(a)(b)

Figure 8. (a) Output of the CCW Schmitt Trigger; (b) CCW Hysteresis Curve.

(a)(b)

Figure 9. Outputs for 250 KHz input signal (a) CW output; (b) CCW output.

Figure 10. Frequency response of CW Schmitt Trigger.

(a)(b)

Figure 11. (a) CCW output with positive switching voltage; (b) CCW Hysteresis Curve with positive switching voltage.

Figure 13(a) shows the experimental results of CW Configuration for R_{Z} = 100 kΩ, R_{1} = 4.7 kΩ, R_{2} = 4.7 kΩ with supply voltage of ±12 V. The saturation levels are ±10 V. The input voltage is a 1 KHz sinusoid with signal swing from −10 V to +10 V. The observed threshold levels are ±10 V which are same as the theoretically computed value. Figure 13(b) shows the hysteresis curve for CW configuration and the experimental output for CCW configuration for an applied input voltage of 6 KHz sinusoid with signal swing from −10 V to +10 V is presented in Figure 13(c). The component values are chosen as R_{Z} = 100 kΩ, R_{1} = 4.7 kΩ, R_{2} = 4.7 kΩ and supply voltages are ±8 V. Observed saturation voltages are ±6 V giving threshold voltages as ±6 V and are equal to theoretical values.

4. Applications

In the following subsections two well known applications of Schmitt trigger namely triangular/square wave Generator and monostable multivibrators are developed to demonstarte the utility of proposed work in circuit applications.

(a)(b)

Figure 12. (a) CW output with negative switching voltage; (b) CW hy- steresis curve with negative switching voltage.

(a) (b) (c)

Figure 13. Experimental results (a) output of CW Schmitt Trigger; (b) hysteresis curve for CW configuration; (c) output of CCW Schmitt Trigger.

4.1. Triangular/Square Wave Generator

The circuit of CDBA Schimitt trigger based triangular/square wave generator is shown in Figure 14. The circuit can be viewed as two cascaded blocks. The circuitry comprising of CDBA I is a Schmitt trigger, while the cir-

Figure 14. Triangular/square wave generator.

cuit comprising of CDBA II, is a simple integrator. The Schmitt trigger continuously compares the current I_{p}_{1 }and I_{n}_{1 }and accordingly the output V_{o}_{1} swings repetitively between positive saturation level and negative saturation level. Assuming initially the output V_{o}_{1} to be at, which is input to integrator, will charge the capacitor and would result in output voltage V_{o}_{2} that is linearly rising. As a result the current I_{n}_{1} will rise and when exceeds I_{p}_{1} the output V_{o}_{1} switches to. Now capacitor would begin to charge in opposite direction resulting in a negative ramp output at V_{o}_{2}. As soon as I_{n}_{1} falls below I_{p}_{1}, V_{o}_{1} switches back to and V_{o}_{2} become a positive going ramp again. For Schmitt trigger the V_{TH} and V_{TL} can be computed as R_{2}/R_{1} and R_{2}/R_{1} respectively. Using the routine analysis the time period of the waveform can be computed as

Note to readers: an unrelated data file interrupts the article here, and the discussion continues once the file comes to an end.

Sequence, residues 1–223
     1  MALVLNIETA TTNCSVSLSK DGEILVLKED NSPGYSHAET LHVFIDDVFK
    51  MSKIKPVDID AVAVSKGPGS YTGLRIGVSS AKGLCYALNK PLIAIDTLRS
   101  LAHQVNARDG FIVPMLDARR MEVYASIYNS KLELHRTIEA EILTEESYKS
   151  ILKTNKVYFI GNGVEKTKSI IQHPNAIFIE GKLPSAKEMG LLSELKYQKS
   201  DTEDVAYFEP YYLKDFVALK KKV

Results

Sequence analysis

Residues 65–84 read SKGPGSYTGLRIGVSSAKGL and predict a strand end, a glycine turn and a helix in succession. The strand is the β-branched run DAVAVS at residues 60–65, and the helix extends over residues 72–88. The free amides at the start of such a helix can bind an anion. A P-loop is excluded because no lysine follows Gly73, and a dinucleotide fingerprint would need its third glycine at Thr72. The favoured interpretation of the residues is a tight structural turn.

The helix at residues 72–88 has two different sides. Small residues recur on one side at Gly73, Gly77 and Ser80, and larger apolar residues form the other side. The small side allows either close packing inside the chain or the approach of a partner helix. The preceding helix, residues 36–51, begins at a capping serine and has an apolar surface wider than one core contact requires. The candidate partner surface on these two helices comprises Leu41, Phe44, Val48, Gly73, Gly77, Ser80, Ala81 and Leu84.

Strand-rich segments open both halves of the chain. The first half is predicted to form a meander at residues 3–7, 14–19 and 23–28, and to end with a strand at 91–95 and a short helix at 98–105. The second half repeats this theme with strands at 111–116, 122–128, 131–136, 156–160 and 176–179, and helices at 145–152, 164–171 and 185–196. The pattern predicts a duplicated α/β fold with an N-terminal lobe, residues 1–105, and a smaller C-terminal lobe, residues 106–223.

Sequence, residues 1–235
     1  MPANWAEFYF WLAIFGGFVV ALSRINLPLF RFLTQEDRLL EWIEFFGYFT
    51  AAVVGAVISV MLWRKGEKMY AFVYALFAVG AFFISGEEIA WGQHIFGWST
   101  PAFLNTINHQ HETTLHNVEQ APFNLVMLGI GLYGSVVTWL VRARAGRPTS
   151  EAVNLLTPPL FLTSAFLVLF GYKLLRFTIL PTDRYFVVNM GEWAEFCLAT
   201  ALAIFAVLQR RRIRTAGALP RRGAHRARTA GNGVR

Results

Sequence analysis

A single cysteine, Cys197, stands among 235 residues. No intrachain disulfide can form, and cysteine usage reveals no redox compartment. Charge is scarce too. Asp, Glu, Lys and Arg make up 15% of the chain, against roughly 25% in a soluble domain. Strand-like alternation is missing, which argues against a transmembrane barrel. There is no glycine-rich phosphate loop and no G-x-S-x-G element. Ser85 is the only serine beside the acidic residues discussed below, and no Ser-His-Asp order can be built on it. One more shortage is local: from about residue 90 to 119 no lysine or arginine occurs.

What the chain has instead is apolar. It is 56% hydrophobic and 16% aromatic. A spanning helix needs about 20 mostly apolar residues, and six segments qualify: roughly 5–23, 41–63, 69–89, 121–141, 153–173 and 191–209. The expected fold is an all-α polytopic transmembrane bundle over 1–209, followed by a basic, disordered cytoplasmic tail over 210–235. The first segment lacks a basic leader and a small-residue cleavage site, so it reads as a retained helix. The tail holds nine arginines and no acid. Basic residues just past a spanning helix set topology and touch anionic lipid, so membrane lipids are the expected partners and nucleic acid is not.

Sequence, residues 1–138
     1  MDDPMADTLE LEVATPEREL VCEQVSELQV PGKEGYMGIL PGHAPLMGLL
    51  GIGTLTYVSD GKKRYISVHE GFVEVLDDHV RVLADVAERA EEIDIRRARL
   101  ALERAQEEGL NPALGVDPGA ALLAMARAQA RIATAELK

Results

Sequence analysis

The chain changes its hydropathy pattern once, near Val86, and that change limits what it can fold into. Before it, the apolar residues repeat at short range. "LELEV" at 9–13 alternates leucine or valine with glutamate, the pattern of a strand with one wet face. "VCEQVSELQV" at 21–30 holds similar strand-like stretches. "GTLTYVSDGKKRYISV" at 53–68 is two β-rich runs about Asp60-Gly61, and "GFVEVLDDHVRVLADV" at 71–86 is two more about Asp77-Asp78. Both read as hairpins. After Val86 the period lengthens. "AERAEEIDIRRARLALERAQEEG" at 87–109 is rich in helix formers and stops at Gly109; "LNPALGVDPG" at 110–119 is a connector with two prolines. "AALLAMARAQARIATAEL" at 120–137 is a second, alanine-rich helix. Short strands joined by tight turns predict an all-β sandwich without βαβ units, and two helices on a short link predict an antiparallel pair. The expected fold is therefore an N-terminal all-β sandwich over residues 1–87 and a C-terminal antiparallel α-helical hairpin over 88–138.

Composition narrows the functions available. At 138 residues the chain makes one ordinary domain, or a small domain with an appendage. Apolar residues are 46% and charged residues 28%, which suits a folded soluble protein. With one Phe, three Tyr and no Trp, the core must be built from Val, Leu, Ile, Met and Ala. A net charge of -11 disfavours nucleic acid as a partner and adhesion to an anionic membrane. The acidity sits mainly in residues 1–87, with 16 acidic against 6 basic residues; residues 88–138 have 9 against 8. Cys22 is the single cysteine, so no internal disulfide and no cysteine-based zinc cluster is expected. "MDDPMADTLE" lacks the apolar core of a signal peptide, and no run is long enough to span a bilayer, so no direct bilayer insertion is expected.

(19)

This gives frequency of oscillation as

(20)

The simulated square wave output V_{o}_{1} and triangular output V_{o}_{2} are shown in Figure 15 for R_{1} = 10 kΩ, R_{2} = 100 Ω, R_{3} = 20 kΩ, R_{4} = 5 kΩ, and C = 1 µF.

4.2. Monostable Multivibrator

The realization of the monostable multivibrator is shown in Figure 16. The positive feedback loop is completed using the capacitor and a resistor. Under stable state the V_{c} is clamped by diode. To ensure the stable-state operation, R_{Z} must be high enough to make output voltage V_{o} switch to positive saturation level. Under sable state, ignoring the diode drop, the currents I_{z} and I_{p} are given by_{ }

(21)

(22)

Now if a positive-edge triggering signal I_{trig} is applied at terminal n of CDBA, the circuits enter into the quasi- stable State. As I_{n} is more positive than I_{p} the output voltage V_{o} jumps to and C starts to discharge through R_{F}. In the quasi-stable state, the expressions of I_{p} and I_{z} are given by

(23)

(24)

And capacitor discharging equation can be expressed as

(25)

Figure 15. Output of triangular/square wave generator.

Figure 16. Monostable multivibrator.

at t = T_{2} the capacitorvoltage reaches the threshold voltage V_{TL}, when output voltage switches back to. V_{TL} can be derived by equating Equations (23) and (24) and is given by

(26)

From Equations (25) and (26) the pulse width T (T_{2} − T_{1}) for which the circuit remains in quasi stable sate can be computed as

(27)

Figure 17 shows the output of monostable multivibrator for R_{F} = 20 kΩ, R_{Z} = 500 kΩ, C = 10 nF having T = 59 µs as against calculated value of 64 µs.

Figure 17. Output of monostable multivibrator.

5. Conclusion

In this paper single CDBA based bistable multivibrator configurations are proposed which include CW, CCW Schmitt Triggers with and without reference voltage. Two applications namely square wave/triangular wave generator and monostable multivibrator are realized to demonstrate the usefulness of the proposed bistable multivibrators. The simulation and experimental results are found to be in close agreement to theoretical predictions. The proposed configurations are one of the best choices for voltage mode applications. Also, due to inherent flexibility of signal usage in CDBA the proposed configurations can easily be extented to current/transimped- ance/transadmittance mode depending upon the applications.

NOTES

^{*}Corresponding author.

Conflicts of Interest

The authors declare no conflicts of interest.